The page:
When Ashish (Ajay Devgn) confides in his shrink-friend (Javed Jaffery) that he is falling for a girl almost half his age, the latter reprimands him, "This is not an age gap, it's a generation gap." Well, Akiv Ali's directorial debut 'De De Pyaar De' talks about the fallibilities in relationships.
Set in UK, Ashish (Ajay Devgn) and Aisha (Rakul Preet Singh) meet in a bizarre situation where the lady walks in at his friend's bachelor's party pretending to be a stripper. Sparks flow between Ashish and Aisha despite the age disparity. A few flirty meetings down and the duo decide to give their relationship a serious try.
But what's a love story without any hurdles in it? Before tying the knot, Ashish suggests that Aisha meet his estranged wife Manju (Tabu) and his two kids. However once they land in Manali, one hilarious situation leads to another and Ashish is forced to pass off Aisha as his secretary. The rest of the plot revolves around how Ashish and Aisha try to get off this mess with Manju bringing in a twist to their love story.
Debutante director Akiv Ali tries to blend in humour with emotions in his first directorial feature and almost succeeds in it. What works for the film is that the characters ain't black and white and their emotions are quite relatable. Having said that, De De Pyaar De stretches over at places in the first half. A scene or two makes things a bit dramatic that might be tough to digest.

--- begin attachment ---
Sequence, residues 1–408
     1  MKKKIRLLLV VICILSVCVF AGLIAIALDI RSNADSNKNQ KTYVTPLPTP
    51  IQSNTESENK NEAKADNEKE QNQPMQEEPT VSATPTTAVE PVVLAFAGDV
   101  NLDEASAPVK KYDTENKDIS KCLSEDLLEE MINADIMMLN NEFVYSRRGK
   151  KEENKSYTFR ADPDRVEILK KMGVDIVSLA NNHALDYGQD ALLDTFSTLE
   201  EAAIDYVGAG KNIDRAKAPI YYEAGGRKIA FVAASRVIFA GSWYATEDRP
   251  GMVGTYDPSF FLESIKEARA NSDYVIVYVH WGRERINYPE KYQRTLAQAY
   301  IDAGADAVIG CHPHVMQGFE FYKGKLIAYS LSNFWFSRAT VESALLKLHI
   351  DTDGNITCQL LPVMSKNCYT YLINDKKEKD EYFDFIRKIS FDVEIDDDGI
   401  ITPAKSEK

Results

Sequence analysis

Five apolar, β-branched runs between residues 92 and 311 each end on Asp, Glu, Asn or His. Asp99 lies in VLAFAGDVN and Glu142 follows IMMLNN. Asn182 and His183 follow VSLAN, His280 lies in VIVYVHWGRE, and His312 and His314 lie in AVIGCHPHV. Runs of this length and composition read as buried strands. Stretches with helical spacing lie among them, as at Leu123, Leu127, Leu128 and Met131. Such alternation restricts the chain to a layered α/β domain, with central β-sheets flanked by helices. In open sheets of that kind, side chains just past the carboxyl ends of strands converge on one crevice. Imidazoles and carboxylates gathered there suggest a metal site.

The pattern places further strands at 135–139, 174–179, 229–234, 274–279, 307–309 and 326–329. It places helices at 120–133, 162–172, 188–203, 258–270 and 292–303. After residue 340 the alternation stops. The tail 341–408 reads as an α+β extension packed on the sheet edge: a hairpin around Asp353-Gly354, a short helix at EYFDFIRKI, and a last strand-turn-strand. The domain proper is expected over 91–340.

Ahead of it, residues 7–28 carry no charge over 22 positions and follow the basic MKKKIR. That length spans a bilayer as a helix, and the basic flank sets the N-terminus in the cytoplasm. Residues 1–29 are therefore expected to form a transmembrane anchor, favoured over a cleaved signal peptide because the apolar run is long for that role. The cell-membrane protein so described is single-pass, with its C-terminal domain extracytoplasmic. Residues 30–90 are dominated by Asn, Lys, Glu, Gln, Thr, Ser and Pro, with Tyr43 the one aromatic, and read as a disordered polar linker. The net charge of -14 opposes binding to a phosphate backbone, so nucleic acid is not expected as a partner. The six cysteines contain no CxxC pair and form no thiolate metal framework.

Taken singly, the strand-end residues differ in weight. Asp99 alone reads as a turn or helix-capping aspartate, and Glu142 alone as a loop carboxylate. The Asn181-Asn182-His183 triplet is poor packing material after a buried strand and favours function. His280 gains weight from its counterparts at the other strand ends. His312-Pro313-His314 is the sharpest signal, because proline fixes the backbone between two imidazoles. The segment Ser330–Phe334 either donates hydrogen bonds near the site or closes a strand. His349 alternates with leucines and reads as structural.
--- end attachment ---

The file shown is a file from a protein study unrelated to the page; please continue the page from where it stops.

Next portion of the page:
Back doing a string of action films and comedy flicks, Ajay dabbles with the genre of rom-com after a long gap and it's a lot of fun. Also, it's quite refreshing to watch the actor shed off his macho image and let others take a dig at his age.
Rakul Preet Singh looks smouldering hot and she compliments Ajay's suave side with confidence. Her chemistry with the actor doesn't look out of the place. Tabu once again proves why she is one of the most impressive talents in Indian cinema. Watch out for her emotional outburst scene in the film. It will surely leave you with a lump in your throat.
The actress who plays the role of Ajay's daughter in the film is quite annoying and her over-the-top act plays a major spoilsport. Jimmy Sheirgill leaves you in splits every time he arrives on the screen. Alok Nath doesn't get to play with many scenes.
Despite being an editor himself, Akiv Ali falters a bit on the editing table. The cinematography of the film is top-notch. On the musical side, barring Vaddi Sharaban and Chale Aana, none of the other tracks leave a lasting impression.
Despite its share of ups and downs, Ajay Devgn's De De Pyaar De makes up for an entertaining ride which makes you laugh and think in equal measures. I am going with 3 stars.